We were lucky after all. Yes, it was frightening. Yes, it was excruciatingly painful. But she survived. She was unscathed. That was all that mattered. I was grateful, but not nearly as grateful as I now know I should have been. Because now I know things can be so very different. Even when you’re lucky enough to have your baby live.

It didn’t sink in at the time, though. How serious it had been. Not even when the surgeon came in and told me three times what a near miss we’d had. We only realised later that she was trying to explain, albeit in surgeon code, why they’d done the section. Why they’d messed it up in their understandable haste. Why I’d be in pain every month for the next four years. The epidural numbed the pain and blocked out the reality of the situation we’d flirted with in the previous couple of hours. But nothing was as soothing as my beautiful daughter’s face, even though she would look like she’d been in a vicious rugby scrum for the first weeks of her life. The only thing I remembered clearly from the surgeon’s chats was her repeated advice for future pregnancies. ‘If you have any more children, have an elective caesarian. We don’t know what went wrong, but we don’t want it to happen again’. Too right, I thought.

So when I went to see a midwife at 12 weeks pregnant with Mr Boo (I phoned them at 5 weeks, but this was the earliest they could book me in), I explained my history and she agreed, yes, I should have a section. Past experience, plus the painful cyst I had gone to A and E with when 5 weeks pregnant with Mr Boo, coupled with the fact I was over 35 – a geriatric in the pregnancy stakes – meant this was a high-risk pregnancy and was told I would be put under a consultant and prepare for more than the normal number of appointments. Mr Boo, she warned, could make his entrance in the world even quicker than Sissyboo. Second-time precipitate labours are often, but not always, quicker than the first. And if a baby is early, a second can be earlier. So there was to be no working up until my due date as I had done with Sissyboo. I hardly called 39 weeks early and there had been no premature babies in my family. She was just being cautious, I thought. I didn’t have a chance to ask her to explain in more detail what she was trying to tell me might happen. She changed jobs the day after my appointment.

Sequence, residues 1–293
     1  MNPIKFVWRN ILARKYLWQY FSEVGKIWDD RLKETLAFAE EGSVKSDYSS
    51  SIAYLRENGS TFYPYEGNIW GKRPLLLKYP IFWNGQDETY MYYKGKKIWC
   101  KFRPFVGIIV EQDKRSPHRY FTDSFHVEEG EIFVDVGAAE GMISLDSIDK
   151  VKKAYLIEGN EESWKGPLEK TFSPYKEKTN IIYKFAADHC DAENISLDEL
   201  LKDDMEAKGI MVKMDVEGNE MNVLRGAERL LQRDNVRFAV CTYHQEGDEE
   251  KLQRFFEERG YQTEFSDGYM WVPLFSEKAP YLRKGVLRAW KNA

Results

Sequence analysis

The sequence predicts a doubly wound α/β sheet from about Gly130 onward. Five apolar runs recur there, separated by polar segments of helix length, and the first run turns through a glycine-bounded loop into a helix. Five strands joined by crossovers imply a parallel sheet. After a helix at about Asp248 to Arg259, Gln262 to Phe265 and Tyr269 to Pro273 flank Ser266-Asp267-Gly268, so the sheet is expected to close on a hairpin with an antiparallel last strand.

Two weeks later, at Christmas, when visiting my parents and therefore out of area (the site of most of Mr Boo’s medical scares, you’ll find), I had some bleeding. Not much. Enough to worry me. I saw a lovely doc who did lots of tests. Mr Boo seemed OK. I heard his heartbeat for the first time. He was OK. It was probably a urine infection. But I don’t know. Because in the next four months, despite numerous calls, my doctors failed to get the test results from the hospital we’d been seen at. Nevermind, I thought, the consultant would examine me. Except I didn’t get to see a consultant. Not until 5 days before Mr Boo arrived.

My pregnancy was a catalogue of cock ups, administrative rather than medical, but stressful in their own way, nonetheless. When I went for my first “consultant” appointment, which replaced my 16-week midwife check, I saw a registrar who did the VBAC talk. I was expecting this talk at some point in my pregnancy, but I wasn’t expecting the aggressiveness of it or the blame being thrown in my direction for wanting the caesarian the surgeon who had delivered Sissyboo had urged.